Wednesday, April 13, 2011

REWIND - Let's Get Metaphysical!

It's time to REWIND - and visit a post from my early days of blogging. The topic was my love for the "metaphysical." I hope you enjoy!

I am a sucker for a great metaphysical shop. Seriously! When I travel, I always search them out - and proceed to spend a majority of my "souvenir" funds on books about mediation, healing, or aromatherapy oils, or even random scented candles and funky jewelry.

This coming from a fairly strong catholic.

But just how far away is the "metaphysical" from what my belief system holds?
Aren't there proven health benefits to some of the "therapies" ?

I decided to tackle this topic today. (I am actually quite excited about this one!!) Just so you know, I have been studying the "metaphysical" since I was 10 years old. It started with my mother, and her zany spell books. I know you might be wondering what in the world am I talking about? But I suppose my mother has always dabbled in such things. She reads "cards", has an acute sensitivity to the paranormal. You can laugh or scoff - it is her reality and I will leave it at that. Needless to say, as a child - I was intrigued. I thought it was a very different way of viewing the "world." I at least understood that.

Then as a teenager, I was able to read many books on the subject. I bought myself an excellent book at 16 - Shakti Gawain's Creative Visualization. I am going to put this out there - and if you know me, I am the most straight forward, tsk tsker you will ever meet. However, there is definitely SOMETHING to this technique.

This book, which helped launch a movement, has been successfully used in the fields of health, education, business, sports, and creative arts for many years. Gawain explains how to use mental imagery and affirmations to produce positive changes in one’s life. The book contains meditations and exercises that are aimed at helping the practitioner channel energies in good directions, strengthen self-esteem, improve overall health, and experience deep relaxation.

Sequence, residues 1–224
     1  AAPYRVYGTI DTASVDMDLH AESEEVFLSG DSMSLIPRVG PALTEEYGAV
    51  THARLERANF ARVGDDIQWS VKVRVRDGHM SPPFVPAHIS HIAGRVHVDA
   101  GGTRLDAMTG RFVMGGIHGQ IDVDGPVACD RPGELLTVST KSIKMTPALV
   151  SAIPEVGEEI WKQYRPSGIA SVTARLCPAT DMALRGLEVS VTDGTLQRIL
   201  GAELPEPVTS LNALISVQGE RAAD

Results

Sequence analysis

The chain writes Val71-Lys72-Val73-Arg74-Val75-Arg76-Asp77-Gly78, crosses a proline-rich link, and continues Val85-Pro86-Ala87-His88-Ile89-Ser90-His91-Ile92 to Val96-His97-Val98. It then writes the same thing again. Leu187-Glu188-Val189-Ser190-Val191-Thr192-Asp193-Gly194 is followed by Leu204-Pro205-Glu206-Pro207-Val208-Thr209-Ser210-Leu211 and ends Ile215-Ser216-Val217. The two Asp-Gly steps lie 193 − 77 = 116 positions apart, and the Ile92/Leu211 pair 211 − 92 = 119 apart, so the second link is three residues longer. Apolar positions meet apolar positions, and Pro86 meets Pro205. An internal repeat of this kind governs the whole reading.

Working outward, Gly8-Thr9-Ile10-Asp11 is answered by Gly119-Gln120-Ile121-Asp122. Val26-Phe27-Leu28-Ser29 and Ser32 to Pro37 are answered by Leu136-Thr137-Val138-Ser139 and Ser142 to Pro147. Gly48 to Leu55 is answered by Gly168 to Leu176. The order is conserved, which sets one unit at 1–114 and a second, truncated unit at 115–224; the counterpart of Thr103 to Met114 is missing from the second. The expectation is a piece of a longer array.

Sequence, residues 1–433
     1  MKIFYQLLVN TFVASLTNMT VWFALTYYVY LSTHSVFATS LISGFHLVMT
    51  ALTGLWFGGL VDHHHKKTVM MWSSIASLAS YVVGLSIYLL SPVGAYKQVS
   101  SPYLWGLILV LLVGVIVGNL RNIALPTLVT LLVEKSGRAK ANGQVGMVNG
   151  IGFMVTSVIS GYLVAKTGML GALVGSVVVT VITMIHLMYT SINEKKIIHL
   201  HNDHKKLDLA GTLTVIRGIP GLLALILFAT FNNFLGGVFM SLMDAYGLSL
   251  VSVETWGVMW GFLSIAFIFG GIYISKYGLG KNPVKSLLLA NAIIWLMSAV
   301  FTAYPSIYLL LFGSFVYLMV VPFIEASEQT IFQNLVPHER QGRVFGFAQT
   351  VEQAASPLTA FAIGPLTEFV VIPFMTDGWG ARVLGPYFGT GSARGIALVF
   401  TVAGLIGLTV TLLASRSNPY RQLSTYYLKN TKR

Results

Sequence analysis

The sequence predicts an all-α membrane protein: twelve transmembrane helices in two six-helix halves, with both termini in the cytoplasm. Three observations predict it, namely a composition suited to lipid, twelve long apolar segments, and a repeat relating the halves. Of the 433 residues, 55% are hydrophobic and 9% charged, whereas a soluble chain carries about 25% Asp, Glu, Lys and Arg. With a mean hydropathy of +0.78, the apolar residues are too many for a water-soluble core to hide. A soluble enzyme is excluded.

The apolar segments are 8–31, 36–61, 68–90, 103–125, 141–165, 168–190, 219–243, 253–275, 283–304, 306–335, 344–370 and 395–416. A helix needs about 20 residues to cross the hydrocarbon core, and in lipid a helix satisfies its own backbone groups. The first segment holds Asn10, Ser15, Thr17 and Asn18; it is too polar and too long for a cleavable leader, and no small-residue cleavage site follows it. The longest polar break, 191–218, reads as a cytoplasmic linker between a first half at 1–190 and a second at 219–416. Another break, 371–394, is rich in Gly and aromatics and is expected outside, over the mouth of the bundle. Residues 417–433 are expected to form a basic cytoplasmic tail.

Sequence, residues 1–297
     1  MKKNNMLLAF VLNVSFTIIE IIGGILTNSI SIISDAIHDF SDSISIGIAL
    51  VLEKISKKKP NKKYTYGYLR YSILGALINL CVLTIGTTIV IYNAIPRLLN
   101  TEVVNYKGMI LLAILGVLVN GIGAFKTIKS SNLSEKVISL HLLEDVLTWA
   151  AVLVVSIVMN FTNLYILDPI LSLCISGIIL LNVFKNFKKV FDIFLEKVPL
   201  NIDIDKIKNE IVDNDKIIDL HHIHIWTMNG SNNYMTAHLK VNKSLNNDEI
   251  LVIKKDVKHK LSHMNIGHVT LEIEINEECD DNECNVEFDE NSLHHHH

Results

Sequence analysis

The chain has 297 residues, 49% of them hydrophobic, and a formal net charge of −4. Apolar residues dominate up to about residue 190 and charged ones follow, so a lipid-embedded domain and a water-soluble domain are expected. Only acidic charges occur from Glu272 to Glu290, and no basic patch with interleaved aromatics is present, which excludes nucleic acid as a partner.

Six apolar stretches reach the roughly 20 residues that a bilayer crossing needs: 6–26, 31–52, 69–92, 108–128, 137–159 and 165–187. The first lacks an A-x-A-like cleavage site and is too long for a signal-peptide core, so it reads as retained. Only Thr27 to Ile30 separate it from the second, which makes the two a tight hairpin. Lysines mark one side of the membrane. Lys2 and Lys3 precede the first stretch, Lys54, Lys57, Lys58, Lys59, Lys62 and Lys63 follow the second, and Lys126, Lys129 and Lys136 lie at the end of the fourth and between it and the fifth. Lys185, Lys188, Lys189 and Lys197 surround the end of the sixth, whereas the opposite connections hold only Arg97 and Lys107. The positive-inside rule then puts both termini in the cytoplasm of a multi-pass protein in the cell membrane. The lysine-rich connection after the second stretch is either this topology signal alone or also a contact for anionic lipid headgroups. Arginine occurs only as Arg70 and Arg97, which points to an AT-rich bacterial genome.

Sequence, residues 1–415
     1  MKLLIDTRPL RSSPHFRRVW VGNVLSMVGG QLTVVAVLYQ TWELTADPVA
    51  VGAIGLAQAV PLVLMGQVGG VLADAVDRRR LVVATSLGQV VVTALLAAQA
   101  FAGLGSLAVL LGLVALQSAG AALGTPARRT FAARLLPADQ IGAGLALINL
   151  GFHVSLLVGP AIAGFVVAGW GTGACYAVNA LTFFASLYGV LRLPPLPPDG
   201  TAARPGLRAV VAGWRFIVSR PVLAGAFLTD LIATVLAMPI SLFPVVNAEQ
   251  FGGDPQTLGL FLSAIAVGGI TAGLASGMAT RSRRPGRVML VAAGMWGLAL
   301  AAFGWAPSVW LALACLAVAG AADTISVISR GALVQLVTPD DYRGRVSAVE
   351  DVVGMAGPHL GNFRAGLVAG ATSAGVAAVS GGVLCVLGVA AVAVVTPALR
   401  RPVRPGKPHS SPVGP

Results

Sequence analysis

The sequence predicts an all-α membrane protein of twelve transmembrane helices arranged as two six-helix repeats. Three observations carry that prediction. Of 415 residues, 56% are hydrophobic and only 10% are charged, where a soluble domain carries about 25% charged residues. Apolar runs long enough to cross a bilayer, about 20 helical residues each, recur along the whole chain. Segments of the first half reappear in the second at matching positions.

In a nut shell - you think about it, you visualize the entire scenario - do this alot - and basically it will happen. People - it works. Of course, I put my "christian" spin on it ~ it's like a prayer/wish/blessing you hope to achieve. God knows.. God provides.

That is just one example of what I experienced at a young age.

On my 16th birthday - my mother arranged for me to have my first massage. I was hooked after that! There are a lot of really strong research backing the use of massage. For someone, like me - with high anxiety and high blood pressure - it works as a perfect therapy. According to the Mayo Clinic, massage when combined with traditional medical treatments is used - it will definitely reduce stress and promote healing in people with certain health conditions.

During a massage, a therapist manipulates your body's soft tissues - your muscles, skin and tendons - using his or her fingertips, hands and fists. Massage can be performed by several types of health care professionals - such as a massage therapist, physical therapist or occupational therapist. (I believe this is the most main stream form of using the "metaphysical/alternative therapies.)

Massage is a great complementary and alternative treatment. Almost everyone feels better after a massage. The treatment has been shown to help relieve pain and soreness and reduce anxiety. There are different types of massage. If you find one that works for you, you ma be surprised at how quickly it can become a regular part of your weekly routine! For me - a therapeutic massage is my favorite. It usually lasts about 90 minutes and leaves me feeling like a sack of jello for hours afterwards.